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Favorite Stock Screens?


rukawa
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If you're really interested about this, I would recommend looking at the book Quantitative Value and also looking at what Damodaran has written about/lectured about on different price and ev ratios and what the fundamental drivers/companion variables are for those ratios.

 

This being said, at least in the US you're probably going to have better luck cloning ideas from others versus trying to screen for things...

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I really only look at screens for business metrics (margins, sales growth, etc.) and not valuation metrics. So I wake up one day and say, today I feel like reading about a company with really nice gross margins, let me go find one and see what it looks like.

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I don't get it. Is there a reason why people don't use screens more? I have observed this before that value investors tend to avoid using screens but I don't understand the reason. And why wouldn't this work in the US? Is the idea that the market is too efficient for screens to work?

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I'm a huge believer in screens.  I think anyone really interested in this topic should read the book West reccs: "Quantitative Value"

 

Personally I mostly use a modified version of their approach that mean reverts returns a bit.

 

I disagree that screens don't work in the US generally, its just that valuation spreads are tight right now in the US, so a quantitative value approach is probably not primed to perform particularly well until the next crisis blows spreads back out.

 

ETA: The Quantitative Value guys use an EV/EBIT screen with some other factors to try to avoid value traps.  Personally I think if you screen to source ideas rather than construct a PF from the process, you can manually find and reject the value traps.

 

 

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Yes.  I'd say the US stock market is either too "efficient" or tends to be on the overvalued side versus undervalued side for classic screening techniques to work.  I think as far a simple screens go, you can still get some cheap stocks by looking for P/B bargains, and then looking at their earnings history.  You can also use the price/10 year earnings to some effect as you suggested.

 

(An aside: These techniques still ignore the effect on balance sheet or off balance sheet debt has, unlike say EV/EBIT or EV/10 year EBIT.  But good luck finding a free screener that does that.)

 

However, even with the above mentioned screening techniques, *good* opportunities (not just ugly and justifiably priced low stocks) in the US don't seem to come along that often.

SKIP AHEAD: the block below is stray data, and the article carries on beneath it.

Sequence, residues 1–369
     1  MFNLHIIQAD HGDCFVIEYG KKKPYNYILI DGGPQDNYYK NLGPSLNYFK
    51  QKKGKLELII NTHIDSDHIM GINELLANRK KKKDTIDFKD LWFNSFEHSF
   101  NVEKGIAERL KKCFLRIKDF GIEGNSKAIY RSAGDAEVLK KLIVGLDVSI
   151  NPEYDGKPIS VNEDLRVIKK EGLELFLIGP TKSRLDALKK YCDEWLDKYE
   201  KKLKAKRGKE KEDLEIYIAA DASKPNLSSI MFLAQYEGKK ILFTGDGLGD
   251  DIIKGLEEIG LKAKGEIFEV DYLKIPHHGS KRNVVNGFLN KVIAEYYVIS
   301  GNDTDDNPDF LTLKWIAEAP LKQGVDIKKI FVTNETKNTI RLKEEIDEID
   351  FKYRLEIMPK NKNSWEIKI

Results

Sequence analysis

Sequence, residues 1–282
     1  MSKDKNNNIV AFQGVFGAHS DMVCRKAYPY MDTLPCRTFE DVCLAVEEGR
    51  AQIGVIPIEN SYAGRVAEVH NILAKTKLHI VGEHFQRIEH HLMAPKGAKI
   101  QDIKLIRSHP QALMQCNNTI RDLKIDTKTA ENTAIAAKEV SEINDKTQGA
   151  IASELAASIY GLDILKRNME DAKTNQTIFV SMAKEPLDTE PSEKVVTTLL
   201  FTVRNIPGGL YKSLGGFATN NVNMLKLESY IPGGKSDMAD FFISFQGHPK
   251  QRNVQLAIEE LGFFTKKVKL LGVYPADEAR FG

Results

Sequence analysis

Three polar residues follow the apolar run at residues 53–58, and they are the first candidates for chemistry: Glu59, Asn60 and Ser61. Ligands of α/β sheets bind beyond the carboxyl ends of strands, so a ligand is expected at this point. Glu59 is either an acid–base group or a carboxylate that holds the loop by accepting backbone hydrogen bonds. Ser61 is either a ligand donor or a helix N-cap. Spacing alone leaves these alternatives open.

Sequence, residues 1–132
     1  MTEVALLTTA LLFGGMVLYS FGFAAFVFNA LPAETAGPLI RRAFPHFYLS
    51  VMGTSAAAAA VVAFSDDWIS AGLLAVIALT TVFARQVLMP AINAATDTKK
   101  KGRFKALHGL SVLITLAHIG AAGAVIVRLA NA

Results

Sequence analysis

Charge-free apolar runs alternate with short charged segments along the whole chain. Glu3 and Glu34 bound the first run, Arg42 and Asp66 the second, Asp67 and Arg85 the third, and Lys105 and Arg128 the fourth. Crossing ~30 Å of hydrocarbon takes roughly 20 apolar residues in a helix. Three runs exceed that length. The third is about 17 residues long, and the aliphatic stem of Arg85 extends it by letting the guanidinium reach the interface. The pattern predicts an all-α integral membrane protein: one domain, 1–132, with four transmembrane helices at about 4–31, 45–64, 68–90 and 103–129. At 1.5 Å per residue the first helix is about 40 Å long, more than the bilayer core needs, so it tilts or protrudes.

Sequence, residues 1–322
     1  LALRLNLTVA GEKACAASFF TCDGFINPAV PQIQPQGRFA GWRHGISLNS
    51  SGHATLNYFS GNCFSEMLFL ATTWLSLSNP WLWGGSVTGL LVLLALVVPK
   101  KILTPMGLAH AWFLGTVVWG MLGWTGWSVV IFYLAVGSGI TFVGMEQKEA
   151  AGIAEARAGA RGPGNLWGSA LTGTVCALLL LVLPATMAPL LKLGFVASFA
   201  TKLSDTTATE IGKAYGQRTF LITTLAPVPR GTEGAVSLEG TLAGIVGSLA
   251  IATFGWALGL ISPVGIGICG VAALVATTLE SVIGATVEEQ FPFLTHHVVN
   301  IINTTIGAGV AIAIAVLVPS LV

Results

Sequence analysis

If you look outside the US (or in the overlooked parts of the US like the OTC markets) it's much easier to screen for things.  I think Nate of Oddball Stocks (www.oddballstocks.com) has a couple of posts on this topic.  It's probably worth digging through his website to find them.

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I was wondering what peoples favorite stocks screens are? Right now I am running one on PE using average 10 year earnings.

You are probably aware of this, but that's a Graham P/E.  Its generally a decent tool, but I find that the 10 year look back is too long.  You end up with many permanently impaired names that screen very cheaply. 

 

Personally I use 5 year ROE to drive my normal earnings and screen on that.  I also have this kind of funky thing I do that forecasts normal earnings based purely on mean reversion in margins, capital required, leverage and coverage rations,  and sector metrics.  It is of more use for businesses that don't have a lot fixed assets.

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I don't get it. Is there a reason why people don't use screens more? I have observed this before that value investors tend to avoid using screens but I don't understand the reason. And why wouldn't this work in the US? Is the idea that the market is too efficient for screens to work?

 

It is far better to learn about one industry in depth and build your circle of competence. There is no magic screen that returned companies that would allow you to compound at 15% a year. Value investing today requires that you understand something about a business that the market is missing. The market doesn't miss data that shows in a few clicks of a mouse.

 

The reason there are so many piggy back value investors or value investors that troll for insider buying is its much easier to focus on companies where management is confident the company's value is increasing, or where an institutional investor with a small army of analysts has found something. Go look at the new buys on dataroma. There are about 50 new buys to keep you busy. If you choose to focus on one industry within your circle of competence, there may only be a name or two to check out.